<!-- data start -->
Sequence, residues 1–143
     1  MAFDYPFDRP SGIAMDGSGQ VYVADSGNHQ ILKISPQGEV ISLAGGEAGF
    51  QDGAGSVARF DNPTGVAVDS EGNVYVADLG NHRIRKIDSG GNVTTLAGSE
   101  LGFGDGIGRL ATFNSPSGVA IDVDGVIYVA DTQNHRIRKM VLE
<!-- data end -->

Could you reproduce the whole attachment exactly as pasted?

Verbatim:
Sequence, residues 1–143
     1  MAFDYPFDRP SGIAMDGSGQ VYVADSGNHQ ILKISPQGEV ISLAGGEAGF
    51  QDGAGSVARF DNPTGVAVDS EGNVYVADLG NHRIRKIDSG GNVTTLAGSE
   101  LGFGDGIGRL ATFNSPSGVA IDVDGVIYVA DTQNHRIRKM VLE